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Local

  • New UDO limits most signs to 10 feet tall

    The signs, they are a changin’. 

    Or they will be if the proposed Unified Development Ordinance passes its third and final reading at the next county council meeting Nov. 28.

    The new UDO, which is finally almost finished after 20 months of reworking, limits most freestanding business signs to 10 feet in height and 40 square feet in area. It’s an effort to reduce visual clutter along the county’s roads.

  • No marauding motorcyclists at Christmas parade

    Motorcycles and horses are in for the upcoming Lancaster Christmas Parade on Dec. 10 and the MLK Day celebration on Jan. 14.

    But stunts such as wheelies, stoppies and burnouts by motorcyclists are out, said City Administrator Flip Hutfles. So are horses without diapers or someone following behind them to tidy up the pavement.

  • School district EOC average below state’s

    State report cards were released this week, showing Lancaster County School District students on average coming in below statewide scores on end-of-course exams and the SAT.

    The 2016 district EOC average, at 70.3 percent, falls below last year’s 74 percent score. This year’s state EOC average is 77.3 percent.

    Indian Land High School scored 82.9 percent on EOC exams, which is higher than the district and state scores. ILHS’s EOC average in 2015 was 84.8 percent.

  • Reward doubles in tombstone vandalism

    The county historical society is doubling its reward to $3,000 for information leading to the conviction of vandals who damaged tombstones at the Olde Presbyterian Church cemetery in August.

    Lancaster Police Chief Harlean Carter said investigators have few leads in the incident. 

  • 36th B&B Craft Show next Saturday

    The 36th annual B&B Craft Show is 7 a.m. to 4 p.m. Saturday, Nov. 26, at the Springdale Recreation Center.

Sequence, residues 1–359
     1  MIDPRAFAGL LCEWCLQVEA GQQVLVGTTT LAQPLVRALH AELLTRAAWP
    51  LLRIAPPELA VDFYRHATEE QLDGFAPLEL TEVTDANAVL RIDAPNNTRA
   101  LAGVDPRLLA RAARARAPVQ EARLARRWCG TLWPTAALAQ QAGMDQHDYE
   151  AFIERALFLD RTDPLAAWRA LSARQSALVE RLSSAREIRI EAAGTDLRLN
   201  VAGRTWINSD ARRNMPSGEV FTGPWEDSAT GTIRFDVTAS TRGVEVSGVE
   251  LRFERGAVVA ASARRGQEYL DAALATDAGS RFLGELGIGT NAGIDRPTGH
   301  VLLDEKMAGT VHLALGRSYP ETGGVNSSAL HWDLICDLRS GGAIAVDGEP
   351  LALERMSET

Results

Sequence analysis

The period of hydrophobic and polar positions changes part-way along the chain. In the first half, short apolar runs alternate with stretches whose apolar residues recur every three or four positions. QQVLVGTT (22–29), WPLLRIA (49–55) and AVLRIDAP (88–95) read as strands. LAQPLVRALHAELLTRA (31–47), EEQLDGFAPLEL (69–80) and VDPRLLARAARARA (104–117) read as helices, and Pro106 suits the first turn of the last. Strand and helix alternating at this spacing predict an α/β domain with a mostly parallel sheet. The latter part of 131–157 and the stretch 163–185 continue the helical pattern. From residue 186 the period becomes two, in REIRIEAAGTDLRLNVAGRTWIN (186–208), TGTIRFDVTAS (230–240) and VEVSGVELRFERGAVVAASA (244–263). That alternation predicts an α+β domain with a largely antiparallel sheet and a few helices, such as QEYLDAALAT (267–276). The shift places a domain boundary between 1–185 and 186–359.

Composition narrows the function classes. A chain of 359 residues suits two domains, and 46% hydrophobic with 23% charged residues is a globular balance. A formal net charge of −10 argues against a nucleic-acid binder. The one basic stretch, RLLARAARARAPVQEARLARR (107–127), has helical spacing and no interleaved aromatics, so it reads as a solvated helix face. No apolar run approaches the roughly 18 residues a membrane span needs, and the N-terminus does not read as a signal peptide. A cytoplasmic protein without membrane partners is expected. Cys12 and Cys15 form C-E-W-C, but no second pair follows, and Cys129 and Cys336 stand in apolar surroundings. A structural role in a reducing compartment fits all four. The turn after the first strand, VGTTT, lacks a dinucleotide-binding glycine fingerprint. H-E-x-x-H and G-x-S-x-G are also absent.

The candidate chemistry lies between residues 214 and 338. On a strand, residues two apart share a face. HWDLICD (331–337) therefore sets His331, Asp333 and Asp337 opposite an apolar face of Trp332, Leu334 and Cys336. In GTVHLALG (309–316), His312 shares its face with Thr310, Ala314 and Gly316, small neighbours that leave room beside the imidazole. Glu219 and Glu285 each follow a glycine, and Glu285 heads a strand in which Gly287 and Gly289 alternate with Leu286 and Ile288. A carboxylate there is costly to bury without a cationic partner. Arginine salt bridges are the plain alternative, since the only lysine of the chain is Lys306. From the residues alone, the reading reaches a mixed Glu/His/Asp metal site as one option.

The craft show will have 56 vendors from the Carolinas displaying their unique items, including wooden handmade ink pins, wickless candles and specialty bows.

    “We come together as a group of crafters and artists, and it never gets old. It’s new every year,” said event coordinator Becky Lowry.

  • 800 barbecue plates at $8 each, ‘overwhelming’ support for Hall

    Wednesday’s barbecue fundraiser for police Lt. Phillip Hall sold out in less than two hours.
    Hall’s friends, co-workers and church family sold more than 800 barbecue plates at $8 each at Camp Creek Baptist Church, which Hall’s family attends. That doesn’t count multiple donations or those who said “keep the change.”

  • UDO a step away from final OK

    The Unified Development Ordinance crawled through 60 minutes of motions before passing its second reading on a 5-1 vote at the County Council meeting Monday night.
    The single no vote was cast by Councilman Jack Estridge. Council member Charlene McGriff was absent.
    “We are transitioning from a UDO that we know and are comfortable with to one that we can live with for 30 to 40 years,” said council Chair Bob Bundy.

  • Dressing up the old library on Gay Street
  • Rep. Norrell in New Zealand during big quake, aftershocks

    New Zealand is about as far from Lancaster as one can get on the planet, but when a major earthquake struck the Pacific nation this week, Mandy Powers Norrell was there on a legislative trip.
    The S.C. House District 44 representative from Lancaster was visiting Sunday morning when a 7.8-magnitude earthquake rocked the country. She was on her third trip overseas with the American Council of Young Political Leaders exchange program.

  • Pulte rejects county’s offer on Sun City roads, drains

    Sun City Carolina Lakes’ developer has rejected Lancaster County’s demand that it secure a $3 million line of credit to handle storm-drain repairs before the county will take responsibility for all of the development’s roads.
    In a Nov. 15 letter, Atlanta-based Pulte Group contends that under its 2005 development agreement, the county is clearly responsible for both the roads and the storm-water system at the massive Indian Land project.
    The letter gives the county 10 days to accept the company’s position or face legal action.